- Emotional attachment normally begins before birth and is present in basic form in newborn babies.
- Children separated from their biological mothers are filled with rage and grief even if the separation is immediately after birth.
- Rage and grief prevent development of attachment to new caregivers, as do later experiences of abuse and neglect.
- Normally, in non-separated children, attachment advances in two stages during the first and second years.
- In the first year, attachment to caregivers progresses because the child comes to recognize that the caregiver is the source of all satisfactions of needs. The repeated experience of need followed by satisfaction given by a parent (called an “attachment cycle”) establishes the authority of the caregiver.
- In the second year, the caregiver sets limits on the child’s behavior, further establishing authority and therefore attachment.
- Children are obedient, compliant, and grateful when parental authority has been established in these two ways, and they are said to be attached.
- Children who are disobedient, noncompliant, and ungrateful are not attached but have attachment disorders, and they do not recognize parental authority. This situation may occur because of persisting rage and grief, and/or because of the absence of the attachment cycle.
- To make children obedient, compliant, and grateful, they must express their rage and grief and achieve catharsis; then, they must experience re-enactments of the attachment cycle which involve complete dependence on adults for food, drink, etc. This treatment causes obedience by establishing attachment.
- Because infants need touch experiences, children in treatment also must experience re-enactment of frequent adult touch; this must be given at the decision of the adult and not at the request of the child, and indeed may be against the child’s wishes.
- Children who are not attached (have attachment disorder) by faux-RAD criteria are filled with hatred and the desire for violence; if treated by conventional psychotherapies, they will get worse; if untreated, they will grow up to be serial killers or prostitutes.
Wednesday, November 11, 2015
"Faux-RAD" and the ABC 20/20 Video: Some Progress
There has been some interesting progress with respect to the letter to 20/20 I included in a post two days ago. I received a phone call from Miguel Sancho, a 20/20 producer, and another from his assistant Lynn Redmond. They plan to modify the video that caused so much concern, and to do this with the help of Dr. Anne Marie Albano of Columbia University, a clinical psychologist and one of the signers of the letter.
In talking to Sancho and Redmond, I realized how easy it is for people to assume that if an approach to childhood mental illness or problem behavior does not use holding therapy, it must be all right. Naturally I am pleased when the dangerous and physically-intrusive techniques of holding therapy are abandoned, but I continue to be concerned about the use of related methods without evidentiary foundations. There are a number of these methods that were historically associated with holding therapy and have persisted on their own as holding therapy has diminished. These methods include demands for “strong sitting”, assertion of adult authority by requiring children to ask an adult for permission to do anything they need (including toilet use), making sure that a child is within the line of sight of an adult at all times, and the assumption that physical contact between child and adult has a therapeutic value of its own. These methods are not likely to do direct harm to the child, but they add to what Michael Linden has called the emotional burden of therapy, and because they are ineffective may cause indirect harm by keeping the child out of effective treatment.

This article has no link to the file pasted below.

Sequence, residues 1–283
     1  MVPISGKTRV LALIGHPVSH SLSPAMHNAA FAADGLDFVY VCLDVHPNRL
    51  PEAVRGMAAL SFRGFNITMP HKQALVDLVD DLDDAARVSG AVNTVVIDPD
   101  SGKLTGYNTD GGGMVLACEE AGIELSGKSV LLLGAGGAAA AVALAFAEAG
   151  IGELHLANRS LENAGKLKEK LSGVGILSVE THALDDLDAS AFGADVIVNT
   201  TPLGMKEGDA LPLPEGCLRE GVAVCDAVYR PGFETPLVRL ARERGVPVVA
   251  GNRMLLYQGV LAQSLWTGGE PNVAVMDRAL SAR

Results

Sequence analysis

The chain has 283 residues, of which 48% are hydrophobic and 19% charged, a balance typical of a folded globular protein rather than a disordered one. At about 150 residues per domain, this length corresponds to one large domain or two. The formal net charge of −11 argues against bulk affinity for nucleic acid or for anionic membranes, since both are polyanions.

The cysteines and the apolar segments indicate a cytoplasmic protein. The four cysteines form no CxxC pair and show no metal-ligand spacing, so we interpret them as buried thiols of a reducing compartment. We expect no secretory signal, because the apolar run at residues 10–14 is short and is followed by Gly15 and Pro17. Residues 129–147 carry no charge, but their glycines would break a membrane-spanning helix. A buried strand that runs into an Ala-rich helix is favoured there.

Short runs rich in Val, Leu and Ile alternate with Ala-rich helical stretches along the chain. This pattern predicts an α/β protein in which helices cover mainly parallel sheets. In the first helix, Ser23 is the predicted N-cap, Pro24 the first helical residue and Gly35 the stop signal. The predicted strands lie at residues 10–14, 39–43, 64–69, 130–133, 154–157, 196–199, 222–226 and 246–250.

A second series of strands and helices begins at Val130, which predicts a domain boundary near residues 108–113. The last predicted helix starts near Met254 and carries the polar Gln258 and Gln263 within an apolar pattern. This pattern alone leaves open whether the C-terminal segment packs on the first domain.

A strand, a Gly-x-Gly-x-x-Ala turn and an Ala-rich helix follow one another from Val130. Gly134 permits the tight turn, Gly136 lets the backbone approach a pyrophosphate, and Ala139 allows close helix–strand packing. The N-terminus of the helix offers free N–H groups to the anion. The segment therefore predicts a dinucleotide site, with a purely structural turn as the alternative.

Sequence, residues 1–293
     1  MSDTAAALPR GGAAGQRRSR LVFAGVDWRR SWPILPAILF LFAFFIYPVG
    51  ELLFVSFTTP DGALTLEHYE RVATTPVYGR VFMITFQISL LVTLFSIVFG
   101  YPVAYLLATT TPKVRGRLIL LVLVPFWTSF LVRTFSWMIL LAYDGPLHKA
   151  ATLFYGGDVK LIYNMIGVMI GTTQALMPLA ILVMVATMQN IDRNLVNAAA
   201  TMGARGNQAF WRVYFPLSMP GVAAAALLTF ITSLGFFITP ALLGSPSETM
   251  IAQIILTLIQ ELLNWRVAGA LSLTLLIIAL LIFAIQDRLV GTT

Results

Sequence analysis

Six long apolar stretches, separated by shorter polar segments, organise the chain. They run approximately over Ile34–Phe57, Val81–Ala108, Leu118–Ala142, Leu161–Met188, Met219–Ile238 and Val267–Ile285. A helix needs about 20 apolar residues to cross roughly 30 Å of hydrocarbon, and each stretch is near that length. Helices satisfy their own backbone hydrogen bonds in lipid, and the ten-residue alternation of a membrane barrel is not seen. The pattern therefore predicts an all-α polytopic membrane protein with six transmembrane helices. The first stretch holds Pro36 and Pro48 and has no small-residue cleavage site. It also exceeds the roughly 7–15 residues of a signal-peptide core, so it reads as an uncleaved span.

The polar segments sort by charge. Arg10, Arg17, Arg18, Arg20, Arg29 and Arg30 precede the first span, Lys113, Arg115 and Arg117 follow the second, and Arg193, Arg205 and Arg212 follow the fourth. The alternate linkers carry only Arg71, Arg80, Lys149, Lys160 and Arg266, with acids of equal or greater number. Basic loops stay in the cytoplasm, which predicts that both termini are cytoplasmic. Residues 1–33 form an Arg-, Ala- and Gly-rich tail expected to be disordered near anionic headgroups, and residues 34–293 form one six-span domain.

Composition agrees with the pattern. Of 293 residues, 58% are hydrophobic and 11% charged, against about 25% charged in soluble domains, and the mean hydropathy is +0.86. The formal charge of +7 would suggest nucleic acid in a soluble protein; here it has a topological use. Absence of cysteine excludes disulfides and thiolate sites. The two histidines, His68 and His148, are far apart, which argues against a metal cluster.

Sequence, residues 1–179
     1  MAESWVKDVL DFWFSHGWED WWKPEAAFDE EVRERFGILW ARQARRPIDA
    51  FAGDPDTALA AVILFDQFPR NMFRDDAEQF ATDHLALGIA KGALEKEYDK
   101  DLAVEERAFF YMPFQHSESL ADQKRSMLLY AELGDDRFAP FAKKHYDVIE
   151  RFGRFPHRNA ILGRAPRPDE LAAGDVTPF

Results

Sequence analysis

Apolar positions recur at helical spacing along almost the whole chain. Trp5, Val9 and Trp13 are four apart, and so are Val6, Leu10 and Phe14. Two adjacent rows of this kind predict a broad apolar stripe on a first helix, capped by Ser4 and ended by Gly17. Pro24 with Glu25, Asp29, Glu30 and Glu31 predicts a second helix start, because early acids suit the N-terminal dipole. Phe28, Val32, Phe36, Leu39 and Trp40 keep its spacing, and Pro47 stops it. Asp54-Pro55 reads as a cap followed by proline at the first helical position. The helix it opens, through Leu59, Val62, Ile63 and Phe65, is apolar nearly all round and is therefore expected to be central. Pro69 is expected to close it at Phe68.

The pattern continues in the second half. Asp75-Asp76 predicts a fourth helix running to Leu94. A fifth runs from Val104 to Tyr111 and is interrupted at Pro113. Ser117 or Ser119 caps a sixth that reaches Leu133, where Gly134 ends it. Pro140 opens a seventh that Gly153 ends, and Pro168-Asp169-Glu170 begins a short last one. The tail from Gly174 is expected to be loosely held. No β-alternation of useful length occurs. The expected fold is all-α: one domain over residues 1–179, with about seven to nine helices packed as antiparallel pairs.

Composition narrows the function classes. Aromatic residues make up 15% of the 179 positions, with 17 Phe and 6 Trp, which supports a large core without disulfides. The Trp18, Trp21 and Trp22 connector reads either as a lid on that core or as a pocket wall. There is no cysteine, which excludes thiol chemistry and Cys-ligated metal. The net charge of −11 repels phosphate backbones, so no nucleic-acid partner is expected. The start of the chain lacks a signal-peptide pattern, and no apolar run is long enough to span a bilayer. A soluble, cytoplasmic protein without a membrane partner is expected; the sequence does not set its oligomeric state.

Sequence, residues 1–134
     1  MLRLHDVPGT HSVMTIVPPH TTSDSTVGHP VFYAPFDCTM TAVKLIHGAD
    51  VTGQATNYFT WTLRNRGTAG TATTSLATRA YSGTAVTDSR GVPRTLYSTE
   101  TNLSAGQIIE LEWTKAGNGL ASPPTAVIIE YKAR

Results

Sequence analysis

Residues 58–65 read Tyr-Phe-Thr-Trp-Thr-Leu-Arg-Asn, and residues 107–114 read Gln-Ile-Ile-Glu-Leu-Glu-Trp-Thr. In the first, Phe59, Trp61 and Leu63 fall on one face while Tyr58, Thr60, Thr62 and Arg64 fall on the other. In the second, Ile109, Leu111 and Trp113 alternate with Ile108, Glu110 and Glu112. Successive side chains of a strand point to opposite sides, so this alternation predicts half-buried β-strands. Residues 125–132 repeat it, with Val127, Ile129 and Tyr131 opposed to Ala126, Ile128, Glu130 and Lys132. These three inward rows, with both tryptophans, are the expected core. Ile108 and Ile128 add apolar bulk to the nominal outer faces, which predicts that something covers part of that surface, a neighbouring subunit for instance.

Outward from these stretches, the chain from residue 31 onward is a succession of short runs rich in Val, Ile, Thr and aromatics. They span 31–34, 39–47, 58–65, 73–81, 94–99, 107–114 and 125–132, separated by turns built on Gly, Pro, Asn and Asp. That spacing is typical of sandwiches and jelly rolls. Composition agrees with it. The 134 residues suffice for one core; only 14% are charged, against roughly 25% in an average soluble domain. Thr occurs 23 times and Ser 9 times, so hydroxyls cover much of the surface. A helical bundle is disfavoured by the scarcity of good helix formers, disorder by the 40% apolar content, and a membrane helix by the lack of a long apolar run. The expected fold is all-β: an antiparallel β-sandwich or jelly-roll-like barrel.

I have been trying for years to find a term that will describe not only these methods, but the related diagnostic efforts, and the unconventional theory that supports the whole can of worms. I recently encountered the expression “faux-RAD”, which I think conveys the disparity between these beliefs and practices and those of the conventional, evidence-based practice of psychotherapy. Michael Shermer years ago referred to the suffocation of Candace Newmaker by her therapists as “death by theory”, and I consider that insight to be essential to the understanding of faux-RAD. It is faux-RAD theory that allows the replacement of one harmful or ineffective treatment with another that is based on the same assumptions.
To deal with the faux-RAD problem, as exemplified by the 20/20 video, we need to understand the tenets of the theory. I am going to state them here in simple form:
The tenets of faux-RAD described here are at odds with everything known about attachment, about parent-child relationships, about sources of violent behavior, and about effective psychotherapy, as well as with established definitions of Reactive Attachment Disorder. The confusion of attachment and authority is especially noxious, as it opens the door for practices that are distressing and potentially harmful to children.
Regrettably, a look at doctoral and master’s theses written in U.S. social work schools in recent years reveals that faux-RAD ideas are sometimes taught and accepted. This fact, together with the state-sponsored faux-RAD trainings of adoption workers in Georgia and Utah some years ago, means that the undercurrent of these potentially harmful beliefs is still very real and may have been exacerbated by the 20/20 video. However, I look forward to correction by ABC and to increased awareness of the issues on the part of psychologists, social workers, parents, and teachers.